Pearcey offers examples of the subtle effects of this split. In education, she sees it in the acceptance of educational theories that are at odds with Christian doctrine. Pearcey recounts speaking at a Christian Educators conference on the Darwinian and relativistic roots of constructivist educational theory. After her address, a Christian school superintendent said, “All my teachers are constructivists—all of them.” Pearcey asked, “But don’t they realize what that means for their faith? …If knowledge is a social construction, then that applies to Christianity as well—it’s just a product of social forces.” The superintendent responded, “I know, I know. But constructivism is what they learned at the university under the auspices of the ‘experts,’ and they don’t question it. They just keep their religious beliefs in a separate mental category from their professional studies.” She concludes, “as a result of this compartmentalization, the teachers had unwittingly embraced a radical postmodernism that reduces all truth claims to merely social constructions” (242).
Pearcey also finds this split at work when life is divided along sacred-secular or private-public lines. Such a division is “not merely abstraction,” but has “a profoundly personal impact.” She continues, “when the public sphere is cordoned off as a religion-free zone, our lives become splintered and fragmented. Work and public life are stripped of spiritual significance, while the spiritual truths that give our lives the deepest meaning are demoted to leisure activities, suitable only for our time off. …Unless Christians tackle this attitude head on, our message will continue to pass through a grid that reduces it to an expression of merely psychological need” (64-65, 203).
Philosophical Splits: Mind-Matter
In her second major work, Saving Leonardo , Pearcey analyzes philosophy, art, and popular culture and makes clear that philosophy is no ivory-tower enterprise. Philosophy is on display in music, art, movies, and media that we consume in such large quantities. Pearcey shows how this is the case by widening the lens of the value-fact split central in Total Truth, to tackle one of philosophy’s perennial questions: the relationship between mind and matter. Her mind-matter split could be diagrammed as follows.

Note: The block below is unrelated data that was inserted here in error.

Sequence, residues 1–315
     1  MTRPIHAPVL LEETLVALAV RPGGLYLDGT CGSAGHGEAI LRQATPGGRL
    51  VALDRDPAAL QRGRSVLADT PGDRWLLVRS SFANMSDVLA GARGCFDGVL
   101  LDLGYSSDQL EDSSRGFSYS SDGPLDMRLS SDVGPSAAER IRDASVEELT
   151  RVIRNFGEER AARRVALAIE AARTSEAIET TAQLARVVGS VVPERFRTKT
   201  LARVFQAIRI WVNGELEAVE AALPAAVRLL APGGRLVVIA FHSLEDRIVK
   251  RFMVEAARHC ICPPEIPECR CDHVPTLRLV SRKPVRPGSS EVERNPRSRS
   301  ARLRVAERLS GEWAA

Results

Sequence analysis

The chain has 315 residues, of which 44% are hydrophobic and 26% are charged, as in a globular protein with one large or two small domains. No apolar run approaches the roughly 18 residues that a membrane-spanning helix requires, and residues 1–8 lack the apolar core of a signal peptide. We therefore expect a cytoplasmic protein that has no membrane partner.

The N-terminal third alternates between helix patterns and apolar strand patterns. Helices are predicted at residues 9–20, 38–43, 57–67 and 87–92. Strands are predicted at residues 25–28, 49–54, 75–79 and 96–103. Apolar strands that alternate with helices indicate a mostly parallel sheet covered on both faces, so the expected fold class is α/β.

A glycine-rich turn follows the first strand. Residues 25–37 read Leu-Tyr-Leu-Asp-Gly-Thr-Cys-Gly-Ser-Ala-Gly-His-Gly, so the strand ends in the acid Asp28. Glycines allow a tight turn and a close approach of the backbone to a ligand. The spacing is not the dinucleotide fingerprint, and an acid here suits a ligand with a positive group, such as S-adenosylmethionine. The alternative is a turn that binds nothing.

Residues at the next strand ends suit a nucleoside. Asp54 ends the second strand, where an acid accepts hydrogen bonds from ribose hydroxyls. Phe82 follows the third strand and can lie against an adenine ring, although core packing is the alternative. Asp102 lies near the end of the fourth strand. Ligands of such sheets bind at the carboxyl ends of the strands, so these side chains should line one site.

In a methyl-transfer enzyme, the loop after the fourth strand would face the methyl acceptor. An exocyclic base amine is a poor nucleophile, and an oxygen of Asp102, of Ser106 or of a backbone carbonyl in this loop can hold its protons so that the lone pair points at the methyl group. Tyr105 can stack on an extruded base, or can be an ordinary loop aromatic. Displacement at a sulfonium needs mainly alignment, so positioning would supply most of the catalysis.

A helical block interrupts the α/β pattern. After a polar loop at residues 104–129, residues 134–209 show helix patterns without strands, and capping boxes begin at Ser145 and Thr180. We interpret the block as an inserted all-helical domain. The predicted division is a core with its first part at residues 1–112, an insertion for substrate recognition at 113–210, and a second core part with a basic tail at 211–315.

Pearcey explains how society today incorporates aspects from both sides of the mind-matter divide and creates an eclectic worldview based on modernist-materialist assumptions in the lower story (Matter), and postmodernist-idealist assumptions in the upper story (Mind). Pearcey suggests that what results is a Darwinist view of the material world with human bodies driven by instincts, while at the same time elevating the ideational constructions of the human mind when it comes to identity.
Pearcey analyzes a variety of art forms and though some of the movies are a bit dated now, the panoramic tour she provides of art history and its connections to philosophy is well worth the effort. Pearcey makes a strong case that using the split to navigate the world “encourages Christians to enjoy the aesthetic qualities of art, while at the same time providing them with tools for critical analysis of the motivating ideas.” She also makes clear that “Christian artists have worked in virtually all artistic styles. Biblical truth is so rich and multi-dimensional that it can affirm what is true in every worldview, while at the same time critiquing its errors and transcending its limitations. In this way, Christianity makes possible the greatest intellectual and artistic freedom” (101).